Link to audio
    What I liked about Dai was his seemingly carefree attitude and openness. He would say it as he saw it even if it ran counter to sentiment. He was not wedded to any ideas and technology in particular. Thinking about various problems, I would often wonder what would Doug and Dai say?
    If TIDE was a Sunday session that seemed to drag on without realising it. For me Dai’s sudden passing was like having a moment where one of the party vomits and you just don’t feel like drinking anymore. I will miss Dai dulcet tones and his unique perspective. As Tim Klapdor suggested:

    Dai made a dent in the universe, its shaped just like his bare foot.

    This has reminded me that being a connected does matter, but that I have probably need to thank those people in my community that I have come to take for granted. If there is anything to come out of this it is to tell those around you why they matter.

    If you enjoy what you read here, feel free to sign up for my monthly newsletter to catch up on all things learning, edtech and storytelling.

  3. Andrea Stringer recently wrote a post about the people who inspire you. Rather than write a list of names, which is often the way with such movements as #FollowFriday, Stringer summarises the characteristics of those who inspired her and who she aspires to be:

    Successful without sacrificing integrity
    Place people before profit
    Generous with their time
    Build relationships & connections (established & new)
    Listen to understand, not to respond.
    It’s not always about what you can do for them.
    Genuine & Authentic. How they act in public is who they are.

    Stringer’s post and list had me thinking about two things. Firstly, how I myself stacked up against those characteristics? How successful have I been? At what? Am I still generous? As my family has grown this has become a challenge. Being less active on social media and more focused on comments and my commonplace book, I would like to think I listen to understand, but I am never quite sure.
    The second wonder was what it means to be connected today? I have long been an advocate of being a connected educator, however I am not sure what happened? In recent times it feels like things have changed. Maybe it is me? Leaving the classroom to work in an administrative role three years has changed my position? Or maybe it is just connected education in general? Maybe the focus around online communities of practice has changed? Maybe the platforms have changed? Maybe people have changed? Maybe people move beyond paywalls and closed spaces? All in all, it just felt like an itch I could not scratch.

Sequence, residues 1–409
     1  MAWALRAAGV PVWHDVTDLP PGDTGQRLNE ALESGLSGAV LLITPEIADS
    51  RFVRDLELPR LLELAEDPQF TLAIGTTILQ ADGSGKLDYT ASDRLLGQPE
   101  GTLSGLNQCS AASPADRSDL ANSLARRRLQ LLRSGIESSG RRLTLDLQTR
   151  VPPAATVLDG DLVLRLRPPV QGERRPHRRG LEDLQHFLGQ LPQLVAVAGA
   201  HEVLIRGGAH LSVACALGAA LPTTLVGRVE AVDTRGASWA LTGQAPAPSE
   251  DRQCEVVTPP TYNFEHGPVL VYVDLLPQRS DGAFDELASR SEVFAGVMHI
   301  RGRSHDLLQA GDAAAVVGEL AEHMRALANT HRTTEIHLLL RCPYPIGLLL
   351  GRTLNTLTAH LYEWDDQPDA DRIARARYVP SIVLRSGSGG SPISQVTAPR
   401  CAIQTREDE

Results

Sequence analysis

Dai Barnes’ sudden passing brought this all to the fore again. I did not know Dai in person, our connection was online, yet he felt like an integral part of my personalised learning network. In particular, he came into my world through the TIDE Podcast. I listened to each and every episode. I was always left thinking, reflecting and wondering. The perspective that Doug Belsaw and Dai brought together always felt novel and refreshing. I once reflected that each episode was like going to the pub for a quiet Sunday session only to be surprised:

    I think that TIDE is akin to turning up to a shabby pub on a Sunday afternoon, thinking that you are just going to have a causal conversation about this and that, only to discover a session of drinking craft beer. The session seems to drag on into the night and somehow evolves into finishing things off with a glass of top-shelf single-malt whiskey.

    The particular memory that will stay with me is of Dai recounting a job interview for a deputy head position in Episode 117. A part of the process involved modelling a lesson. For this he looked at creating a social credit system in school. In a conversation towards the end of the lesson, one student touched on the problem where a student may have built up so much credit at the end of year that they could do anything. Dai recounted how he continued this conversation, suggesting that you could even jump on the table. The next minute he found himself caught in the moment and subsequently “jumping on the table like Jesus.” Needless to say, he did not get that job.
    Link to audio
    What I liked about Dai was his seemingly carefree attitude and openness. He would say it as he saw it even if it ran counter to sentiment. He was not wedded to any ideas and technology in particular. Thinking about various problems, I would often wonder what would Doug and Dai say?
    If TIDE was a Sunday session that seemed to drag on without realising it. For me Dai’s sudden passing was like having a moment where one of the party vomits and you just don’t feel like drinking anymore. I will miss Dai dulcet tones and his unique perspective. As Tim Klapdor suggested:

    Dai made a dent in the universe, its shaped just like his bare foot.

    This has reminded me that being a connected does matter, but that I have probably need to thank those people in my community that I have come to take for granted. If there is anything to come out of this it is to tell those around you why they matter.

    If you enjoy what you read here, feel free to sign up for my monthly newsletter to catch up on all things learning, edtech and storytelling.

  4. Doug Belshaw says:

    What a memory! Thanks Aaron, he was quite the character.